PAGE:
Canadian GDP figures for the month of January are due on Thursday at 1230 GMT. The release could give direction to the local dollar which has been performing poorly relative to its US counterpart, shedding 2.7% year-to-date.
Economic activity in Canada is expected to have expanded by 0.1% m/m during the first month of the year, at the same rate as in December. Strong growth during the first half of 2017 was instrumental for the country’s economy to expand by 3.0% for the year overall, its highest since 2017. Growth after H1 2017 was not as robust though and Thursday’s release is anticipated to show a continuation of this pattern, adding credence to those supporting that the Canadian economy is likely settling to a more sustainable pace of expansion.
Data on Canadian producer prices for the month of February will also be released on Thursday at 1230 GMT, with an increase of 0.5% on a monthly basis being projected by analysts, a faster pace relative to January’s respective reading of 0.3%.
The Bank of Canada has delivered three 25bps interest rate hikes since July. Market participants currently do not expect a rate increase when the Bank next meets on April 18, while according to Canadian overnight index swaps they project greater than even odds – around 65% – for a quarter percentage point rate hike to be delivered during the meeting in late May. Upbeat GDP and producer price figures have the capacity to push that probability even higher, benefitting the local dollar by pushing dollar/loonie lower.
Support in case of a falling dollar/loonie could come around the 38.2% Fibonacci retracement level of the January 31 to March 19 upleg at 1.2789. The area around this mark also includes the 1.28 round figure, while it was one of congestion in previous months. Disappointing numbers on the other hand might propel the pair higher. Dollar/loonie could be meeting resistance at the moment around the 23.6% Fibonacci level at 1.2917 – the range around this encapsulates the 1.29 handle and a few peaks from the recent past. An upside break would shift the focus to 1.30 that may be of psychological significance and then to March 19’s nine-month high of 1.3124.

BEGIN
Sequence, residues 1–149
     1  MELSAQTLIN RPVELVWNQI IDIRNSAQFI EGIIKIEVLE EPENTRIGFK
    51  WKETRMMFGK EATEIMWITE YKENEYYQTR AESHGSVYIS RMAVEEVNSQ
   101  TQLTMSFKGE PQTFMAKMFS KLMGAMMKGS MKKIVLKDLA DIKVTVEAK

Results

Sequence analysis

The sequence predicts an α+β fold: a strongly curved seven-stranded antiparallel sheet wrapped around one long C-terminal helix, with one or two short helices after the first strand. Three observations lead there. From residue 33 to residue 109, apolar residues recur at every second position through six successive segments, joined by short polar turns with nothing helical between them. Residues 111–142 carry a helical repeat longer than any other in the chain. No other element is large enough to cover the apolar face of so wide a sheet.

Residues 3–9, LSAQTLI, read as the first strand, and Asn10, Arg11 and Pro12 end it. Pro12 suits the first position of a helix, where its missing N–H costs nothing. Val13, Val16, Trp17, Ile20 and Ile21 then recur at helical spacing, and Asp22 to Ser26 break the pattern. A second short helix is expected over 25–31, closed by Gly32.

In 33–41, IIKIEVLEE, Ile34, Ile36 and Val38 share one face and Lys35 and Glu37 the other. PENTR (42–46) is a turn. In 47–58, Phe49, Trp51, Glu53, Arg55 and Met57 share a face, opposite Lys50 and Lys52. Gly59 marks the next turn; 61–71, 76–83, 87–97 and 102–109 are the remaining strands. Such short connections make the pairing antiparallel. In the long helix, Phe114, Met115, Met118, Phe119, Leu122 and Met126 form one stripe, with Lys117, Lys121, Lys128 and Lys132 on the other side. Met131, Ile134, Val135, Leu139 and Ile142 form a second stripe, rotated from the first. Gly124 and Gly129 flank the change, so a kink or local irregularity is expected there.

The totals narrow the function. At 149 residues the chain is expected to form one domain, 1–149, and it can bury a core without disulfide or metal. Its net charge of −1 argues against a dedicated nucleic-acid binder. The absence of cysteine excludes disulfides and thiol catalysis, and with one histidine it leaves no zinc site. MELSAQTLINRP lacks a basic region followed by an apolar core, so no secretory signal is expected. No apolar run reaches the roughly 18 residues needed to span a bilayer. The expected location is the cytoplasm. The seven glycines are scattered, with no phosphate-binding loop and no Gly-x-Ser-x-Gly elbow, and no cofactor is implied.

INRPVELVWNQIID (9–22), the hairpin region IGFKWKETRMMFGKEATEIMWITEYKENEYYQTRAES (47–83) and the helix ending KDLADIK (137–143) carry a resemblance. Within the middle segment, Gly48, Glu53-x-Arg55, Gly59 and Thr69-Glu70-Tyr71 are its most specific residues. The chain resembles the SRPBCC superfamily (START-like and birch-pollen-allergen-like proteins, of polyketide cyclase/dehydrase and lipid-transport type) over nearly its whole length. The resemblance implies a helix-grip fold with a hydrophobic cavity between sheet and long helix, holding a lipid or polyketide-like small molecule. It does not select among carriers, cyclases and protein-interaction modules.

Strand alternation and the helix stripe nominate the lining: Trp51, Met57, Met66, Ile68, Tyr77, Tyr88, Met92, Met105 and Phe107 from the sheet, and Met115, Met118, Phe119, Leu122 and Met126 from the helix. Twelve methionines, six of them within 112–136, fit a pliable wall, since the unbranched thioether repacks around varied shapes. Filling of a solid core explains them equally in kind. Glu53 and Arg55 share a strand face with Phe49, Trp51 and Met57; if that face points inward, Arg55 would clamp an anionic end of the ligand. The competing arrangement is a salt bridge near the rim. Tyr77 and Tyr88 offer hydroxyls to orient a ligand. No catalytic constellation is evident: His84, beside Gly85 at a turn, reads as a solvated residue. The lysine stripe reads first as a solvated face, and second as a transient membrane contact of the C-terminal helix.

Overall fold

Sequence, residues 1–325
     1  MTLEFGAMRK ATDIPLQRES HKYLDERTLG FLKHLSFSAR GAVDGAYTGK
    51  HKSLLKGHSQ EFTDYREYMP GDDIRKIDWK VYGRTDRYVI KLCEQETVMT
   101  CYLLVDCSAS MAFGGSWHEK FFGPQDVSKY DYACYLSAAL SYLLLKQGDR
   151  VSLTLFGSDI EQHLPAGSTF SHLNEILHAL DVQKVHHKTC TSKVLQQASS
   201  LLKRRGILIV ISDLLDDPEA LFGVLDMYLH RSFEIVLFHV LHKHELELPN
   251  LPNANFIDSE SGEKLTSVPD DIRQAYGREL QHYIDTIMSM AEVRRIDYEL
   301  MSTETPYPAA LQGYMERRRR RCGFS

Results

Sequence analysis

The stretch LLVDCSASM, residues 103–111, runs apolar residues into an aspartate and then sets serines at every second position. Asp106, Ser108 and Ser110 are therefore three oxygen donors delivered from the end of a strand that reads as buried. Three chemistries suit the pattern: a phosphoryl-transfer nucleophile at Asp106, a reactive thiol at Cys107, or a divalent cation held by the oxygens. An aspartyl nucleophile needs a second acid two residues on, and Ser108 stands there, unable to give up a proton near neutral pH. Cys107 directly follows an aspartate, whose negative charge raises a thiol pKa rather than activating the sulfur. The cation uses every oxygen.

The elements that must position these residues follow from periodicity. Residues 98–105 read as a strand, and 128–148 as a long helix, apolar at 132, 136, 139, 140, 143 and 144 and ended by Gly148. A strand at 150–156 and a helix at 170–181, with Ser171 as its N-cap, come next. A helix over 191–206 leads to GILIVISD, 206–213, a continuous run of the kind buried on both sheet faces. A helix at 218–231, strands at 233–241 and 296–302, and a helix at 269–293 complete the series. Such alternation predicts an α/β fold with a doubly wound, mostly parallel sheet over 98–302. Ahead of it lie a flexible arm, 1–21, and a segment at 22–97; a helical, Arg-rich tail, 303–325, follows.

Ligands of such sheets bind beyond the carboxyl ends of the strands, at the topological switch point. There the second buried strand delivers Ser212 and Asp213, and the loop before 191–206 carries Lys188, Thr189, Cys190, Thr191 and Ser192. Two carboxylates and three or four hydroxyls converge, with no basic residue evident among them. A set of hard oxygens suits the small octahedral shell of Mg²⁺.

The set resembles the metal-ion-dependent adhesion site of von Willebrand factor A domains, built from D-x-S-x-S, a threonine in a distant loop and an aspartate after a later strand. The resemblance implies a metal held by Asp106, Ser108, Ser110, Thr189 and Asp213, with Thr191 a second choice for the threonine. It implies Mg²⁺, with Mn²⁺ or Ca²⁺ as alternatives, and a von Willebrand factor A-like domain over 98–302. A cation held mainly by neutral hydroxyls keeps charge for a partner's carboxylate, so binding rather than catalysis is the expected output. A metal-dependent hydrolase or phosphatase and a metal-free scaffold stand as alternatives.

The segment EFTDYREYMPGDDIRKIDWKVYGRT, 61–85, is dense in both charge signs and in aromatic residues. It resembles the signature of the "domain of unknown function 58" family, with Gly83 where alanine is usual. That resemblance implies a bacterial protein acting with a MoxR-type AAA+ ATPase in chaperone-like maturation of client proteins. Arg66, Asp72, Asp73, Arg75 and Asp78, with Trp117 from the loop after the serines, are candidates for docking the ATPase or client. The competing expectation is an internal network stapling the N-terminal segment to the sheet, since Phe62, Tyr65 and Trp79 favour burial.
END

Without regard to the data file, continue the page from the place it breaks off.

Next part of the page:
Within the context of reaction in the dollar/loonie pair, it should be kept in mind that Canadian releases should not be viewed in isolation, as US personal income and consumption data, as well as the core PCE price index – all for the month of February – will be made public at the same time. In the meantime, markets will also have to digest initial and continued jobless claims for the week ending March 24 out of the US.
In the bigger picture, besides tomorrow’s data out of Canada and how they would affect the BoC, the loonie’s broader direction also seems heavily dependent on the future of NAFTA negotiations; the currency appeared very sensitive to developments on this front in the past. In the latest developments, US Trade Representative Robert Lighthizer said in an interview earlier on Wednesday that he is hopeful that an agreement can be reached “in the next little bit”, though he also made reference to a “short window” for such an outcome, implying that the parties involved should act quickly in the face of presidential and midterm congressional elections in Mexico and the US respectively later in the year. The eighth round of talks is expected to commence sometime in April in Washington.
Lastly, the trajectory in oil prices could also affect the loonie given that Canada is a major exporter of the precious liquid. Rising US shale production is a driver that could exert pressure on prices. On the other hand, the appointment of policy-hawks in the Trump administration, such as new National Security Adviser John Bolton, that could push for fresh sanctions on Iran thus taking a chunk of oil supply out of the market, are supportive of prices.